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Asia Minute: South Korea is Spam Central — and Not the Computer Kind

Mike Mozart

A local food favorite in Hawai’i is making headlines in Asia this week. Its local roots go back to the days of World War II — but the recipe has been adjusted to taste in at least one location in East Asia.

South Koreans have spent more than 3.5 billion dollars on Spam since a localized version of the canned meat product was introduced to the country 32 years ago.

That word came Wednesday morning in Seoul – from the local manufacturer.

It’s probably no surprise that the country was introduced to Spam by way of the U.S. military during the Korean War.

But domestic production started in 1987 — with a slightly different recipe that’s less salty than the U.S. version. A spokesman for the local manufacturer calls it “a light side dish that goes well with rice and kimchi.”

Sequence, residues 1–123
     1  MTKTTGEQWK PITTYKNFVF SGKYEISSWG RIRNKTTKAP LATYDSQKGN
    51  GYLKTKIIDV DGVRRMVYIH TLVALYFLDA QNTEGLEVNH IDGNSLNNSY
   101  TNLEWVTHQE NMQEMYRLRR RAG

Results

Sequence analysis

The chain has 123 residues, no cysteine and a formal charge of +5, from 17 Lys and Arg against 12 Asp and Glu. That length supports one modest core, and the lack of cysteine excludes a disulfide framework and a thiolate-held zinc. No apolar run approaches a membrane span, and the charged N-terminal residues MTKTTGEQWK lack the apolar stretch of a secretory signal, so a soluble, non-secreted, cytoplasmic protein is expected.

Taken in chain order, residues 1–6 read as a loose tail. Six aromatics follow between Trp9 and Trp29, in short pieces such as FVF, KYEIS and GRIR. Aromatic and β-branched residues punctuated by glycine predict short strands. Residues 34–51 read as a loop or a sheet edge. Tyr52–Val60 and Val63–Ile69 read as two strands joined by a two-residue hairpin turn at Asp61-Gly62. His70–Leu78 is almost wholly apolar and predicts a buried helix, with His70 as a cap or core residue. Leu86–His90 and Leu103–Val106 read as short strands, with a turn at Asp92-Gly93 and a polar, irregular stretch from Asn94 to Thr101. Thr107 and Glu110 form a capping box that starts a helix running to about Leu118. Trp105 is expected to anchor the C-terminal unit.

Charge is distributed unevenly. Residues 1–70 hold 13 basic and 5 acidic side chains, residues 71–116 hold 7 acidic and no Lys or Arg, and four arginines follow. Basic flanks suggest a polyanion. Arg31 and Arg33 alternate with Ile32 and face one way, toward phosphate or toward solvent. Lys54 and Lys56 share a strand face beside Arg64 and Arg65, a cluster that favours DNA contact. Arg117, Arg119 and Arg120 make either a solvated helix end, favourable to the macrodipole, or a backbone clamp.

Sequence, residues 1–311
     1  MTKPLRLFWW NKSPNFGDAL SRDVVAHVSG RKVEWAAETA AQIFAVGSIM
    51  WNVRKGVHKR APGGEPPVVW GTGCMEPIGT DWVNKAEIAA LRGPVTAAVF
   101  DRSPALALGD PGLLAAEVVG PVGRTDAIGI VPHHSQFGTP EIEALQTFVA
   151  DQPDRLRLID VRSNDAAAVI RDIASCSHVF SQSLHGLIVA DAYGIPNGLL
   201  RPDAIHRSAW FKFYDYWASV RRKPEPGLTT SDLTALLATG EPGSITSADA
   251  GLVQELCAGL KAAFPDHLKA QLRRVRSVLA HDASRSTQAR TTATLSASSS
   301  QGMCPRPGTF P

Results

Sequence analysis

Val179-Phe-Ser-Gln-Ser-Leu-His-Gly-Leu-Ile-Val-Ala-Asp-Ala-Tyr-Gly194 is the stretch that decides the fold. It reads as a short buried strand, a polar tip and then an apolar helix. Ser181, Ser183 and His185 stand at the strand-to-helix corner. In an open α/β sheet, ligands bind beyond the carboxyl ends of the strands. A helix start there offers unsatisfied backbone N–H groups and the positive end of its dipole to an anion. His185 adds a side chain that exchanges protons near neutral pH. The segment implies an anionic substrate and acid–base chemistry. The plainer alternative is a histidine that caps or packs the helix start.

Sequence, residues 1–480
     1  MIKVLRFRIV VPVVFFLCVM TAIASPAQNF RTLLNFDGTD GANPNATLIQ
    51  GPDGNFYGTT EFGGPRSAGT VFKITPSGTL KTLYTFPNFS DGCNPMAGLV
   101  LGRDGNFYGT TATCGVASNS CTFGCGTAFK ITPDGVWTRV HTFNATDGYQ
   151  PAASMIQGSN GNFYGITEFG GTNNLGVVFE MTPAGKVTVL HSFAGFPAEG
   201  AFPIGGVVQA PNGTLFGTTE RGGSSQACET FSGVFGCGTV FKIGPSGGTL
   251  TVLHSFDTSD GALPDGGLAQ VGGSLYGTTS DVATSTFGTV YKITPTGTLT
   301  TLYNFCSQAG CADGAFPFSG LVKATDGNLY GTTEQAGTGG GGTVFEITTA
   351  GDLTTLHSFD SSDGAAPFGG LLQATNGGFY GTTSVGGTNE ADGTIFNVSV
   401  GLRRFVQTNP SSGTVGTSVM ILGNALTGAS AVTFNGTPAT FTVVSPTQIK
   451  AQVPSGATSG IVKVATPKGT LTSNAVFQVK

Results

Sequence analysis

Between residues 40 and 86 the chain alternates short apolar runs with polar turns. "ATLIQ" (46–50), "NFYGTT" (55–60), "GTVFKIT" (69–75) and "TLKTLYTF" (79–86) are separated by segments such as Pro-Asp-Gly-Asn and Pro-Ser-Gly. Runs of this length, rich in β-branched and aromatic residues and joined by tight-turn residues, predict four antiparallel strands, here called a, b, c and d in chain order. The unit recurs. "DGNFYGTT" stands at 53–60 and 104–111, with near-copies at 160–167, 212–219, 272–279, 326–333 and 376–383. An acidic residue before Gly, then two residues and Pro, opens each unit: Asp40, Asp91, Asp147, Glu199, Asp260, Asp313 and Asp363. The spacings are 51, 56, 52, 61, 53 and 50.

Spam’s enthusiastic reception in Hawai’i is pretty well-known. In fact, on Hormel’s company website about Spam, one of the “frequently asked questions” is “Why are Spam products so popular in Hawai’i?”

As for South Korea, Spam consumption continues to set records — selling more than 363 million dollars of it last year. That means more than seven dollars a year spent on Spam for every man, woman and child in South Korea.

One big draw is holiday time — including the Lunar New Year.

The local manufacturer says 60-percent of its sales come from Spam holiday gift sets — going for the equivalent of about 25 to 35 dollars apiece.

Bill Dorman has been the news director at Hawaiʻi Public Radio since 2011.
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